Current generation fluoroquinolones are the antimicrobial agents most often used to manage ocular infections, including bacterial conjunctivitis, in large part because they have a broad spectrum of activity and are generally well tolerated. Despite overall effectiveness of the class, fluoroquinolone resistance is a growing problem, and there has been a concerning rise in the prevalence of MRSA-caused ocular infections.6 To meet the long-term threat of bacterial resistance, a continuous stream of novel agents will be necessary. In the short term, clinicians can be advised to treat bacterial conjunctivitis empirically with currently available agents that have the potency necessary to neutralize even resistant organisms.

BESIVANCE® (besifloxacin ophthalmic suspension) 0.6% was developed specifically for ophthalmic use and approved for the treatment of bacterial conjunctivitis in 2009.7 Like other fluoroquinolones, its bactericidal activity is a result of inhibitory effects on topoisomerase II (DNA gyrase) and topoisomerase IV, two bacterial enzymes that are essential for DNA replication.7 Older fluoroquinolones targeted primarily topoisomerase IV, whereas later generation fluoroquinolones have increased affinity for topoisomerase II.8

Similar to gatifloxacin and moxifloxacin, which are cyclopropyl fluoroquinolones, the BESIVANCE® molecule contains an N-cyclopropyl group that confers broad-spectrum antimicrobial activity.9 It acts against gram-positive and gram-negative organisms commonly associated with bacterial conjunctivitis.4

What sets BESIVANCE® apart is the addition of a chlorine atom at the C-8 position, which makes BESIVANCE® an 8-chlorofluoroquinolone. It is the first and only double-halogenated ocular fluoroquinolone available in the US. The chlorine addition provides improved potency against both bacterial topoisomerases.9,10 This more balanced dual-binding mechanism may also increase its potency across the bacterial spectrum.10 Additionally, BESIVANCE® has no systemic equivalent, eliminating the risk of resistance from systemic use.9 In vitro resistance to BESIVANCE® occurs at a general frequency of < 3.3 × 10–10 for S. aureus and < 7 × 10–10 for S. pneumonia.7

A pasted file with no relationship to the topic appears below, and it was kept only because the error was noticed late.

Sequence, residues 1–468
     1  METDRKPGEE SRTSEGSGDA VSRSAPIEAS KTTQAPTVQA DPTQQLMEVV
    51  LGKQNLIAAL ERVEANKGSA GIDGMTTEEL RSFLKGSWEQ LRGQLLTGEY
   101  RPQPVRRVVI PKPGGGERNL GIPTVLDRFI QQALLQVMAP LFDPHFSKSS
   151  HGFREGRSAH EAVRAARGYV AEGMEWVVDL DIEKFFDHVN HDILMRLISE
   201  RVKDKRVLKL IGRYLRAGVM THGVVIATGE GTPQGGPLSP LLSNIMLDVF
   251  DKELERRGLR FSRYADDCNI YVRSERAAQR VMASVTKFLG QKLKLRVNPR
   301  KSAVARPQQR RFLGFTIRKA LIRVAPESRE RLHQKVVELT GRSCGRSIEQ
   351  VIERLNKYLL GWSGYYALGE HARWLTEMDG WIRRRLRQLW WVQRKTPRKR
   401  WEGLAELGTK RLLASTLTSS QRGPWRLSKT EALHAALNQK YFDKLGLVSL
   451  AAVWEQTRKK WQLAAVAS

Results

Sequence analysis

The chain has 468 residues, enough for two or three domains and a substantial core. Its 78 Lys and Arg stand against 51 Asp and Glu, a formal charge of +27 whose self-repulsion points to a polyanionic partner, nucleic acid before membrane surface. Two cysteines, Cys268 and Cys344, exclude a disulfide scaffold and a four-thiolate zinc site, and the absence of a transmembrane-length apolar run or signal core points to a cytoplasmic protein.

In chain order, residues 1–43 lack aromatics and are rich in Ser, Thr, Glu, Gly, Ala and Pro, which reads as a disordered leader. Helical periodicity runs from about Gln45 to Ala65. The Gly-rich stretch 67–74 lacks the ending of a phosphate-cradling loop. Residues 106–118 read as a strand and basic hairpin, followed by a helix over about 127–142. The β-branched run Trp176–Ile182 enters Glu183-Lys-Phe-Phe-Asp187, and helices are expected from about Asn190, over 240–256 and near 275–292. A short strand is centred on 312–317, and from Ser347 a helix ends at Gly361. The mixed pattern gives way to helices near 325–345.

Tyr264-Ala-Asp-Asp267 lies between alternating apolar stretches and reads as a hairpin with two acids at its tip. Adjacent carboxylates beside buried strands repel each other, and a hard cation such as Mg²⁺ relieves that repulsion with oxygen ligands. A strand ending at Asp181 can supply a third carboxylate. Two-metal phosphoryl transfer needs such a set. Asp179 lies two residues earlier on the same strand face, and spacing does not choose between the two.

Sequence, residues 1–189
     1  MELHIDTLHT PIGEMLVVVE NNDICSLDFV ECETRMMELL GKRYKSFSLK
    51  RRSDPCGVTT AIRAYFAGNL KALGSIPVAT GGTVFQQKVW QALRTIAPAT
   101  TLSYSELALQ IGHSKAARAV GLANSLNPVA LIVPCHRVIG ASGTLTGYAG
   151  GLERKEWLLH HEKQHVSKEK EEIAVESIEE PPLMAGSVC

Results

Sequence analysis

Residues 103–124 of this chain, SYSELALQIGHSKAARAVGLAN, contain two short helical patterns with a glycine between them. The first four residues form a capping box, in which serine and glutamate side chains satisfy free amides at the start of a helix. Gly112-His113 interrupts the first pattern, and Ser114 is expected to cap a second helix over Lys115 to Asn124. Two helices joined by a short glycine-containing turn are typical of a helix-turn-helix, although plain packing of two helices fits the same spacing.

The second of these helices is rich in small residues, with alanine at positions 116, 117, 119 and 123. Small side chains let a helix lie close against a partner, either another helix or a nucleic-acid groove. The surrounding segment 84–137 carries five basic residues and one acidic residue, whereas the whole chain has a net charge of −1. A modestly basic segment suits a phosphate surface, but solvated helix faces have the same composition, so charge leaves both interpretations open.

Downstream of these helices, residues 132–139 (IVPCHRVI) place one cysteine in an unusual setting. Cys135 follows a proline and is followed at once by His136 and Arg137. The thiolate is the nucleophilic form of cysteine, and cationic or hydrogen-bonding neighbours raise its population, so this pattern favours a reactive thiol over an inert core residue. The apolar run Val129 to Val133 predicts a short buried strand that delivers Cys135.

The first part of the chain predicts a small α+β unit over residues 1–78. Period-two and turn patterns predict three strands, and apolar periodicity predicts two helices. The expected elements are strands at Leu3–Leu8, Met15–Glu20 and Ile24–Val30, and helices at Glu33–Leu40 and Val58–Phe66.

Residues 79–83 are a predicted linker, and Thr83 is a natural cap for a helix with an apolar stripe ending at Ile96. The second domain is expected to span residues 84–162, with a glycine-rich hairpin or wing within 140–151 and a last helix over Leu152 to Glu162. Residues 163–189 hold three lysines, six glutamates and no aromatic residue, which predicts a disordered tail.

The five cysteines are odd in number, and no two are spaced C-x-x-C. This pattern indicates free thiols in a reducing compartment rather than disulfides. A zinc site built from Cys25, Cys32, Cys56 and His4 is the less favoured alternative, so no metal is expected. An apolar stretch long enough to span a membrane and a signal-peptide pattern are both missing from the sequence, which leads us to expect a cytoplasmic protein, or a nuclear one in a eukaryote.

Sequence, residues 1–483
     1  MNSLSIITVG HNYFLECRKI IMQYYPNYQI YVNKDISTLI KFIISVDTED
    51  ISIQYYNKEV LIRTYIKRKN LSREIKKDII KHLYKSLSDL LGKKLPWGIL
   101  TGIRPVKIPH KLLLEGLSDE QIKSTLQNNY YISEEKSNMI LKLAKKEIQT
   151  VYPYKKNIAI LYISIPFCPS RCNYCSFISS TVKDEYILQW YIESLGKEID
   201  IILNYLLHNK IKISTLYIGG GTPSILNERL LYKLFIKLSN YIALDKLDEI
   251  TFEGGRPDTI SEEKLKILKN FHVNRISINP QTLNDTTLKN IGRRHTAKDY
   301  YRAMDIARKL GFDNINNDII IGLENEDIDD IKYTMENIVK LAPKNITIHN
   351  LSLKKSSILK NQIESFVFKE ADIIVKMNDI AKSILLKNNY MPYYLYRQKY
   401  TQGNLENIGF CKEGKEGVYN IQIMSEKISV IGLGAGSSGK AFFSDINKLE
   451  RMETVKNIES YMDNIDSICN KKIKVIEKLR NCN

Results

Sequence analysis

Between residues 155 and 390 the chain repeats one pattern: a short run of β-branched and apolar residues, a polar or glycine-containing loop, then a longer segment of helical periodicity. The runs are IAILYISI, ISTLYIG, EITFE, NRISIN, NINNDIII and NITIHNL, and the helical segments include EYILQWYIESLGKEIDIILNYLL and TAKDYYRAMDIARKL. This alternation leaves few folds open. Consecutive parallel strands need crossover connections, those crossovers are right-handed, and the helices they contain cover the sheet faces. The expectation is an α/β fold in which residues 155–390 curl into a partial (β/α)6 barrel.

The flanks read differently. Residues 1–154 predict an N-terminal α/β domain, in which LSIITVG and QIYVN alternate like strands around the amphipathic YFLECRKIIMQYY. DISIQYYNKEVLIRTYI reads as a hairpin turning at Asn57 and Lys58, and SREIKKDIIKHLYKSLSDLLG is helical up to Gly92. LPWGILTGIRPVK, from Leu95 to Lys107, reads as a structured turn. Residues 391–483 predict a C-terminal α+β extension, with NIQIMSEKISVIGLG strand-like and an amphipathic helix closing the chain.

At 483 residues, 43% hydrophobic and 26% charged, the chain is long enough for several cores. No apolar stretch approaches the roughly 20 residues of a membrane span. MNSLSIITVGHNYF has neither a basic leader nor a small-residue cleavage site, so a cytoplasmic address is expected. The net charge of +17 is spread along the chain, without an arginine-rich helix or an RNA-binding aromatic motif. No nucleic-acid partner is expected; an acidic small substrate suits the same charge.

Relative Potency

BESIVANCE® demonstrates efficient killing of the common isolates in bacterial conjunctivitis.11 A review of minimum inhibitory concentration (MIC) values indicates that BESIVANCE® has excellent potency against both gram-positive and gram-negative bacteria.4

In vitro studies find BESIVANCE® also has significant potency against resistant strains, including MRSA and ciprofloxacin-resistant staphylococci, which is not true of all common topical antibiotics or even of all other fluoroquinolones.4,12

Besifloxacin demonstrates low MIC50 and MIC90 values against MRSA (0.5 μg/mL and 4 μg/mL, respectively), which are comparable to those of vancomycin (MIC50 = 1 μg/mL; MIC90 = 4 μg/mL), a glycopeptide antibiotic regularly used for the treatment of MRSA infections because of its potency against the highly resistant organism.6

While it is not always possible to establish the clinical significance of in vitro data, bacterial conjunctivitis clinical trials have shown excellent therapeutic efficacy and tolerability of BESIVANCE® in adults and children of at least 1 year of age.13-16

In one recent study, treatment with besifloxacin brought about rapid microbial eradication in cases of bacterial conjunctivitis culture-positive for MRSA and methicillin-resistant S. epidermidis (MRSE) - even where isolates were also ciprofloxacin-resistant.17 Microbial eradication does not always correlate with clinical outcome in an antiinfective trial. In vitro reports from this study found the MIC90 values for besifloxacin to be 2 μg/mL against ciprofloxacin-resistant MRSA isolates, and 4 μg/mL against ciprofloxacin-resistant MRSE isolates.17 The clinical significance of in vitro data has not been established.

In my experience, BESIVANCE® is highly effective in treating bacterial conjunctivitis, which I see as a reflection of its potent activity against both susceptible and resistant bacterial strains (see Case Study box).

Formulation Attributes

BESIVANCE® is formulated in a mucoadhesive polymer that enhances drug retention on the ocular surface.18 Extended residence time may result in increased drug concentration on the surface of the eye, and, consequently, improved efficacy for concentration-dependent antibiotics like BESIVANCE®, whose efficacy is greatest when concentrations are high at the site of infection.

Measurement of human tear concentration after a single instillation has shown that BESIVANCE® remains on the ocular surface through 24 hours; at 12 hours after instillation, of one drop in the affected eye(s) 3 times a day, 4 to 12 hours apart, for 7 days.

Expanded Label

In 2012, the US FDA granted additional labeling indications for BESIVANCE® (besifloxacin ophthalmic suspension) 0.6%, including indications to treat bacterial conjunctivitis caused by susceptible isolates of Aerococcus viridians, Moraxella catarrhalis, Pseudomonas aeruginosa, and Staphylococcus warneri.7 BESIVANCE® provides practitioners a potent topical antibiotic indicated for most of the pathogens relevant to bacterial conjunctivitis. The approval for P. aeruginosa, in particular, should be reassuring to practitioners, as it represents an official recognition of the activity BESIVANCE® shows against this often highly virulent gram-negative organism.